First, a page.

Economic and international pressure, fractures in the regime, and the increasing hostility of the majority of the population to the government are factors that could prove fatal to the theocracy.
As the Iranian government’s pillars continue to shake, a new generation of leaders is poised to fill the gap and take the country in a more positive direction. Let us take a closer look at this new generation of leaders to gauge what may ensue if the tyrannical theocracy falls.
The most talked about leader is Mir Hossein Mousavi, the real winner of the rigged presidential vote of June 12 that the enraged Iranian people rallied around in defiance of the regime’s security forces.
Millions of Iranians wore green, the color of his campaign and his new political party, the Green Path of Hope.
His popularity is likely the one factor stopping Khamenei from arresting and prosecuting him, despite the pressure of Ahmadinejad and other hardline officials. By demanding new elections, an initiative opposed only by the most ardent supporters of Khamenei and Ahmadinejad, and not complete regime change, Mousavi is able to win support across-the-board.
While he’s certainly far more liberal than the current regime, he has not called for removing the post of Supreme Leader, the key feature of the theocracy. It is important for observers to remember that Mousavi is reported to have been one of the founders of Hezbollah, and he had to be approved by Khamenei to run in the first place.
At the same time, however, he should be seen not as the one leading the opposition movement, but as the one led by the opposition movement. His political base will quickly turn against him should he fail to pursue the wide-sweeping change they desire, and based on his recent experience battling the regime, he may very well share the same ambition but isn’t quite ready to cross the red line of vocalizing it. His stance on bringing about complete womens’ rights and free elections, however, would inevitably lead to the total end of the theocracy and he has to know it.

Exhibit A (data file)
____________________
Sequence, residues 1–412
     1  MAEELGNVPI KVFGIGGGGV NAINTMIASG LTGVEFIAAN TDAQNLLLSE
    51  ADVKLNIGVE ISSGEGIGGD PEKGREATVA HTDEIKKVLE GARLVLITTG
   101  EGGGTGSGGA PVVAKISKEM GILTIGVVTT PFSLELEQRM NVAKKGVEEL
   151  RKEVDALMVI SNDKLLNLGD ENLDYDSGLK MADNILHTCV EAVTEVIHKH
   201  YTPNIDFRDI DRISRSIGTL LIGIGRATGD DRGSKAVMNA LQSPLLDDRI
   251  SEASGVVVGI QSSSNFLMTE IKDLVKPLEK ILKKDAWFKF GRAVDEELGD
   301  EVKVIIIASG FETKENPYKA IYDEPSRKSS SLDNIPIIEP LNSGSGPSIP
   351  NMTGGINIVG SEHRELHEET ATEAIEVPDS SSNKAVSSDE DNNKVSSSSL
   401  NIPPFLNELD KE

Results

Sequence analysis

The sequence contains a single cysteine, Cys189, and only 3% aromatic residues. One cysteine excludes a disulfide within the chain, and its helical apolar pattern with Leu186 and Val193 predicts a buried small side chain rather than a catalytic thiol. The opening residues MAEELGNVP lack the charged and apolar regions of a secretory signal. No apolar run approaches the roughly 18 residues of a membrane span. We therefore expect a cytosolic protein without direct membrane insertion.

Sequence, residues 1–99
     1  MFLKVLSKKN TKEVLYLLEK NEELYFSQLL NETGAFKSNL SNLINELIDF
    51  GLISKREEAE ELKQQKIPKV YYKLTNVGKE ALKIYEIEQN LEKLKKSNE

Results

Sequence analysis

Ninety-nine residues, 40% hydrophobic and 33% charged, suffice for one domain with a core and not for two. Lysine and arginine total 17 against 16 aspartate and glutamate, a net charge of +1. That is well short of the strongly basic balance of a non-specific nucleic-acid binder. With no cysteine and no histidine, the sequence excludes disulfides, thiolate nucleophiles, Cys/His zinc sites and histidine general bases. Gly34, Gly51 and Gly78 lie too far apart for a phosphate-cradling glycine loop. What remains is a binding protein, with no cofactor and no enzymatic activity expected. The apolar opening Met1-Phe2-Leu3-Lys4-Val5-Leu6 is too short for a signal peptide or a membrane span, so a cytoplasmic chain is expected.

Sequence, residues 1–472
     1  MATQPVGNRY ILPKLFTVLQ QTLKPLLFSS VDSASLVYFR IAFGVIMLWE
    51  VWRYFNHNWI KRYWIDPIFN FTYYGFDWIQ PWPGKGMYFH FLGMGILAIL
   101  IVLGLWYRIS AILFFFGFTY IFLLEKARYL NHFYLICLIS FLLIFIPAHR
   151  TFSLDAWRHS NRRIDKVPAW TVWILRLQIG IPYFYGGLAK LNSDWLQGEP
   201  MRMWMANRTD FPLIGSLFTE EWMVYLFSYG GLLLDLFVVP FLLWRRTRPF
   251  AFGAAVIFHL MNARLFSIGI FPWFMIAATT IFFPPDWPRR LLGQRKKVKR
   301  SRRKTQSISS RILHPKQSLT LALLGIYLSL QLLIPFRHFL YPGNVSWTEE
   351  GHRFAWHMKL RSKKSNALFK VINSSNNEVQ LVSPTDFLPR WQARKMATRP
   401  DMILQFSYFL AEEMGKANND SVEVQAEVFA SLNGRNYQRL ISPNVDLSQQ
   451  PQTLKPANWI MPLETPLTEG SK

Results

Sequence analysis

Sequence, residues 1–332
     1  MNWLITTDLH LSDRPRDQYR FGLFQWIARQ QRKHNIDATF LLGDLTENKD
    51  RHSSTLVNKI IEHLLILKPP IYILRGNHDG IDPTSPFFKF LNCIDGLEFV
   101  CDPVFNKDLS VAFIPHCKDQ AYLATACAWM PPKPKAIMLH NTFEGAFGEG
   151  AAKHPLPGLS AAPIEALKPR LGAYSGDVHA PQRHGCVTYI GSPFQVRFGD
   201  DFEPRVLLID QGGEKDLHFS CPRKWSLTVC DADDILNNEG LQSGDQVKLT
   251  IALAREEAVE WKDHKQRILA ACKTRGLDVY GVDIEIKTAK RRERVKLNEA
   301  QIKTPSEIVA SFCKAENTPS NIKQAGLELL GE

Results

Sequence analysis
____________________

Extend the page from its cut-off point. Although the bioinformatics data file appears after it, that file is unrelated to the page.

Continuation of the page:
Mehdi Karroubi, another presidential candidate, has been acting more confrontational with the regime and is seeing his stock quickly rise. Emails I receive from Iranians mention his name far more than that of Mousavi now, as they respect his boldness and the fact that he is more liberal than Mousavi, having boldly criticized the Revolutionary Guards’ role in the government and consistently calling for broad civil rights for everyone.
He has publicly stated that he has proof that the security forces tortured and raped political prisoners, and continues to level the charge despite the regime’s closing of his offices, arresting of his advisors, and threats to arrest him.
He’s a growing threat to the regime, which is why they have opened up an investigation of him for possible prosecution.
While he’s calling for the civil rights the countries of the West enjoys, Karroubi has unfortunately said that he’d continue Iran’s support for Hamas if he was elected president, and like Mousavi, hasn’t explicitly called for regime change, although these actions may be attributable to political posturing.